That would be Where the Lilies Bloom by Vera and Bill Cleaver (1969), and I can’t tell you how perfect this book is. So perfect that its early 1990s library-bound spine is as straight as the day it was born. That is my conflict: I want kids to read, I want everyone to read, but I would also like to see every book in our collection find its reader. I can’t pass judgment on people’s reading choices, because I know that strong readers are created by lots of reading and lots of thinking, and there is no single path. But if I can get one kid to take that book, possibly a kid who just finished Hattie Big Sky or Out of the Dust, I’ll consider putting away the guillotine.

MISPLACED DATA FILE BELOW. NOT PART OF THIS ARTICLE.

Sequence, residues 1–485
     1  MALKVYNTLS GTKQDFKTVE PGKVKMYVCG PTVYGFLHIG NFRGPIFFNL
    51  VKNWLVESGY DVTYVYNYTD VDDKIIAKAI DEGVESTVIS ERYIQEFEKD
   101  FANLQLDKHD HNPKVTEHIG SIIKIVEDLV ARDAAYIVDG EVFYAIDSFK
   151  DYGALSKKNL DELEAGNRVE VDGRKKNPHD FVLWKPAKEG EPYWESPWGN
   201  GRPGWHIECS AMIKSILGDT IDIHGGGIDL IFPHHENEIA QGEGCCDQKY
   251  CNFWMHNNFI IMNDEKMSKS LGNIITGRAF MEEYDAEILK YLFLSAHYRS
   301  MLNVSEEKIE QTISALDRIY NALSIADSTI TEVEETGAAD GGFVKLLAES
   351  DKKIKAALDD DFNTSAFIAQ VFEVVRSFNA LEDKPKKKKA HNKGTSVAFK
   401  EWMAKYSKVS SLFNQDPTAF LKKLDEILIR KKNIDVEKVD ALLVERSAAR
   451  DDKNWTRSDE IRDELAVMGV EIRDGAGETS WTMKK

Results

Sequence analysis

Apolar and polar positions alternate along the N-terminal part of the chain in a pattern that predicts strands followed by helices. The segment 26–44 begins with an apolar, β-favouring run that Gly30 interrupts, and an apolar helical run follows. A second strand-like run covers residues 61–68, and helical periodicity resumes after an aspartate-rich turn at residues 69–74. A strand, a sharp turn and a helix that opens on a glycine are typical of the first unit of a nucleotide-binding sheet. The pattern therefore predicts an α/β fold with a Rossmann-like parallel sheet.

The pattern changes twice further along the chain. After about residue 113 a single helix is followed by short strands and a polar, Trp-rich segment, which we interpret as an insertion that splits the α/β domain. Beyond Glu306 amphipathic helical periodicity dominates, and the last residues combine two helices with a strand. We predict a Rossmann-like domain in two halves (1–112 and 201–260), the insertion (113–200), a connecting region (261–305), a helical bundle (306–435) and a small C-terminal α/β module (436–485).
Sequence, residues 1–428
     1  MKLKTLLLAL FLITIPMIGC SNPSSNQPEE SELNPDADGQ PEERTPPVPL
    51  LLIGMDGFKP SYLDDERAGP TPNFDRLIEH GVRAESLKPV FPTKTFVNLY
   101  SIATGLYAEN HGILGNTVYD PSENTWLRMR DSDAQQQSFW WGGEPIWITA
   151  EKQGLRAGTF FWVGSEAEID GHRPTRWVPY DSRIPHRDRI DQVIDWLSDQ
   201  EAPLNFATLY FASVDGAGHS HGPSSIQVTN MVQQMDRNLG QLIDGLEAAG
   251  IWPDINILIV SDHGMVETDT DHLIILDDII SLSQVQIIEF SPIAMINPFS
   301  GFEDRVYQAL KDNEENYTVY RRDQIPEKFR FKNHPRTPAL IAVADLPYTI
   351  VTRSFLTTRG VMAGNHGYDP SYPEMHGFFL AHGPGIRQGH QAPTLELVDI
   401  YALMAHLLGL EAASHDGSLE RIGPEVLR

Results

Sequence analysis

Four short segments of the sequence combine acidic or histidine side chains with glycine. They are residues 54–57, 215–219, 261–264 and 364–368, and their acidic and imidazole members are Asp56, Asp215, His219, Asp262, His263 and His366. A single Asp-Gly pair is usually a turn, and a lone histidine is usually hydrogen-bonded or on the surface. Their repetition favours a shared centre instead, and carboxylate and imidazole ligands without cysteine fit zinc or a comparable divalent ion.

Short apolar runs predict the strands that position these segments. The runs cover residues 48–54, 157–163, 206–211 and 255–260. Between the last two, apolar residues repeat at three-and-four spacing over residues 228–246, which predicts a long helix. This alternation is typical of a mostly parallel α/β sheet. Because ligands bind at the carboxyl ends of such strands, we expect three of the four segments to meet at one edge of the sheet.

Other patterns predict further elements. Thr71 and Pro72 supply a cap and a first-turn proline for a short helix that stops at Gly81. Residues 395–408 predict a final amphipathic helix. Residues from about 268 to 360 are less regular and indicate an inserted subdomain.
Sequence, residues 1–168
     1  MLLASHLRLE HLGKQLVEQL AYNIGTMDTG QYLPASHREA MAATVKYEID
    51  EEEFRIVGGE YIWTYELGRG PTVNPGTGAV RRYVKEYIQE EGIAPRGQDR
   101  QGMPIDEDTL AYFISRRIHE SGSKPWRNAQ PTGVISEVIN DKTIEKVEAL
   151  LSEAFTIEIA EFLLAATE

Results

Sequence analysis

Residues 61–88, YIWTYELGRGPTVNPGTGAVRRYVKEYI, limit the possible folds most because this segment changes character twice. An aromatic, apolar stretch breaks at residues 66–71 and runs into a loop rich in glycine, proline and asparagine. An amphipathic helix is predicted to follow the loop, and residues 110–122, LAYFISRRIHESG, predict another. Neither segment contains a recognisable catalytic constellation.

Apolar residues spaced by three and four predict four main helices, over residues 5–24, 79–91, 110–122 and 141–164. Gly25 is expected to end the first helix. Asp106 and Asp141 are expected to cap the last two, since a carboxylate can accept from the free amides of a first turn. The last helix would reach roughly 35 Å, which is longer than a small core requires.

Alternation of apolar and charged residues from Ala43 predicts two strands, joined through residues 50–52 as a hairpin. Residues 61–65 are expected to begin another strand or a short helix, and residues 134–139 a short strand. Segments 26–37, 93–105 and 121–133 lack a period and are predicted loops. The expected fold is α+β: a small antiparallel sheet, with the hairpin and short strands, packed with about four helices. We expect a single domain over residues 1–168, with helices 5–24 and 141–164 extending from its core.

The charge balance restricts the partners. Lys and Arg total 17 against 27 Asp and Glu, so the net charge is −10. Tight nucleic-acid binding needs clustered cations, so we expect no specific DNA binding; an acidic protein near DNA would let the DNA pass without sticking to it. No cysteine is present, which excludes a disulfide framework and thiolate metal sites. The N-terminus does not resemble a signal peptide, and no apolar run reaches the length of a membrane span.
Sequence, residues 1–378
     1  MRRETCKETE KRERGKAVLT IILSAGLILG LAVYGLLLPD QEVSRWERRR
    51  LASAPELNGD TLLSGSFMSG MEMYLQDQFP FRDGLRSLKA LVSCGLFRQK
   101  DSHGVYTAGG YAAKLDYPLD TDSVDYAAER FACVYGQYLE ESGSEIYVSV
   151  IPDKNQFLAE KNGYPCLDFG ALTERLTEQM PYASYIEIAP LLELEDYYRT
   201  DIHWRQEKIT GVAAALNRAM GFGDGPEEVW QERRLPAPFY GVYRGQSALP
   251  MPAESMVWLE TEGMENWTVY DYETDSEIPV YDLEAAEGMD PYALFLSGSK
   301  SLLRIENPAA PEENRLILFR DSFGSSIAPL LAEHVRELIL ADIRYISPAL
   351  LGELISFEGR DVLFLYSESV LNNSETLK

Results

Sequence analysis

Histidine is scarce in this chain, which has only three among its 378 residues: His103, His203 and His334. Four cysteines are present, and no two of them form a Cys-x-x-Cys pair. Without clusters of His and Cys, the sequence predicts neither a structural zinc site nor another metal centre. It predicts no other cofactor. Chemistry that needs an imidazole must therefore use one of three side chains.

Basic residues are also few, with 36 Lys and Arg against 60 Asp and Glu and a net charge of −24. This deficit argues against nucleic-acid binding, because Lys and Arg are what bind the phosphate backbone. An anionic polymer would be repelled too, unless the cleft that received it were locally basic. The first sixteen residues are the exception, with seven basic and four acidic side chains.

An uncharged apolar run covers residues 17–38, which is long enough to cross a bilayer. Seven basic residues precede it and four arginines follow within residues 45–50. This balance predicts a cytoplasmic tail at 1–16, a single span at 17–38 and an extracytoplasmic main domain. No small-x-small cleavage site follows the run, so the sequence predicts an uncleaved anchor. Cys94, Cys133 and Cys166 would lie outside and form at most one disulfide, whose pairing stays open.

1. “There is only the question: When will I be blown up? Because of this, the young man or woman writing today has forgotten the problems of the human heart in conflict with itself which alone can make good writing because only that is worth writing about, worth the agony and the sweat.” (Stockholm, December 10, 1950)
2. It’s too easy to pick on these books. I know. In their defense, they get people excited about reading, and, darn it, some of them are very smart books. Maybe their devoted readers know something I don’t; it’s not like everyone is flocking to read a biography of Liberace or history of typography like I read when I was 15. I’m crying all the way to the library.